Tim Lippe has no idea what he's in for when he's sent to Cedar Rapids, Iowa to represent his company at an annual insurance convention, where he soon finds himself under the "guidance" of three convention veterans.
Dispatched from his basement room on an errand for his widowed mother, slacker Jeff might discover his destiny (finally) when he spends the day with his unhappily married brother as he tracks his possibly adulterous wife.
After a stint in a mental institution, former teacher Pat Solitano moves back in with his parents and tries to reconcile with his ex-wife. Things get more challenging when Pat meets Tiffany, a mysterious girl with problems of her own.
David O. Russell
Robert De Niro
Tim Lippe (Helms) was the guy people always thought would go places but then he just ... didn't. He's been living in über-sleepy Brown Valley, Wisconsin his whole life, still "pre-engaged" to his 7th grade teacher Macy Vanderhei (Weaver), while selling insurance to protect other people's dreams. But now, Tim's stalled life is about to get a kick-start because, for the first time in his 34 years, he's headed to a "major" metropolis - Cedar Rapids, Iowa - where he must try to save his company at a do-or-die insurance convention that, for him, will be entirely unconventional. From the minute he checks into his hotel with his ancient American Tourister and cummerbund money belt, it's clear Tim has no idea how the modern world really works. He is soon smitten with seductive Nebraskan insurance agent Joan Ostrowski-Fox (Heche) and awed by his experienced roommates, the straight-shooting Ronald Wilkes (Whitlock Jr.) and the suspicious Dean Zeigler (Reilly). Disheartened when he comes ... Written by
Fox Searchlight Pictures
The hotel wedding that Tim and his friends crash is for two women. Same-sex marriage has been legal in the state of Iowa since April 3, 2009, when the Iowa Supreme Court unanimously upheld a lower court's ruling that there was no legitimate governmental interest in denying gay and lesbian Iowa citizens civil marriage licenses. See more »
The movie starts off in Brown Valley, Wisconsin. However, at the beginning when they're showing different scenes from the town, we see a directional highway sign in one shot that clearly shows a "diamond" shaped state-highway sign, which are used by the state of Michigan (where the movie is filmed). See more »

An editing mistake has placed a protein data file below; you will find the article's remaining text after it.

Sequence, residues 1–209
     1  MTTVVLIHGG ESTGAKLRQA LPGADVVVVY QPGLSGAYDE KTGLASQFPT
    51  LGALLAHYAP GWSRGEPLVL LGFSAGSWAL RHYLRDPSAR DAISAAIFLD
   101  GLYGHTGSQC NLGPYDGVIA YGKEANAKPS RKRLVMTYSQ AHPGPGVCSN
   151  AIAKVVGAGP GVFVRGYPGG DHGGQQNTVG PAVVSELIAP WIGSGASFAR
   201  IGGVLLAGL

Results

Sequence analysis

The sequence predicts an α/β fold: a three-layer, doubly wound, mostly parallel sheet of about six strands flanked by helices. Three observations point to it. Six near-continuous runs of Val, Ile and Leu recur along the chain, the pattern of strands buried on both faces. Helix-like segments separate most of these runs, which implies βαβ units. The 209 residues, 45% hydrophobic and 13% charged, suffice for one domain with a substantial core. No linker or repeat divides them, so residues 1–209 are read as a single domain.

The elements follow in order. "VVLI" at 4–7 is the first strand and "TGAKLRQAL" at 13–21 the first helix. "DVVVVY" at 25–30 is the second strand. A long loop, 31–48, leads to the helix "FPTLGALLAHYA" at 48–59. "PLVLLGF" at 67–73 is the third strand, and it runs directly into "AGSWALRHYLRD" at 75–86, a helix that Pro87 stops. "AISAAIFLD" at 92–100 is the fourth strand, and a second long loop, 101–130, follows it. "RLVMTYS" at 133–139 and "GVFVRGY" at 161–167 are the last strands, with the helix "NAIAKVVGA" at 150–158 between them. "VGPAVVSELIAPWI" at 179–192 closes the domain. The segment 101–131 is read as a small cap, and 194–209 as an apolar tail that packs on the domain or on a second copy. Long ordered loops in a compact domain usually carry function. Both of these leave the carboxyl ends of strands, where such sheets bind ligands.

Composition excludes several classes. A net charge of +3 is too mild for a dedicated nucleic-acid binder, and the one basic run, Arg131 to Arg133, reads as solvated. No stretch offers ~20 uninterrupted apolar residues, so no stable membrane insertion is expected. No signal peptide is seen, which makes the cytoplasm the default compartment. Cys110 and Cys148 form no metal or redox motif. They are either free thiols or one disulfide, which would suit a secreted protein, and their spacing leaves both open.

One of the reasons I love Brown Valley so much is that when you do business here, chances are good you know the person you're dealing with.
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During the closing credits, the main characters tell (dumb) jokes at the cottage, and a commercial for their new insurance company is shown. See more »
My first 2011 film. It's a pretty unambitious comedy, but it survives because of a fantastic cast. Too fantastic, really. I have to wonder what drew them to this rather middling material. Ed Helms (of The Office and The Daily Show) stars as a sheltered insurance salesman from a small town in northern Wisconsin who is drafted by his boss (Stephen Root) to go to an insurance conference in Cedar Rapids, Iowa. He's pretty inexperienced with life outside his own little bubble, and he gets led astray by troublemaker John C. Reilly. The film also co-stars Isaiah Whitlock, Jr. (who co-starred in HBO's The Wire, a series for which the character espouses a lot of love), Anne Heche (extremely good
probably the only good thing I've ever seen her done), Sigourney
Weaver, Alia Shawkat (of the TV series (not the rap group) Arrested Development) and Kurtwood Smith (of That 70s Show and RoboCop). I wanted to see this one because of its Midwestern setting. Part of me was afraid that it would be Hollywood making fun of Midwesterners, but it's pretty gentle. Helms may play a sheltered small-town guy, but it's just him (Reilly's character is from Steven's Point, WI, and he's not a rube; he is a drunk, though). The film actually has a lot of affection for the Midwest, and it has a lot of heart.
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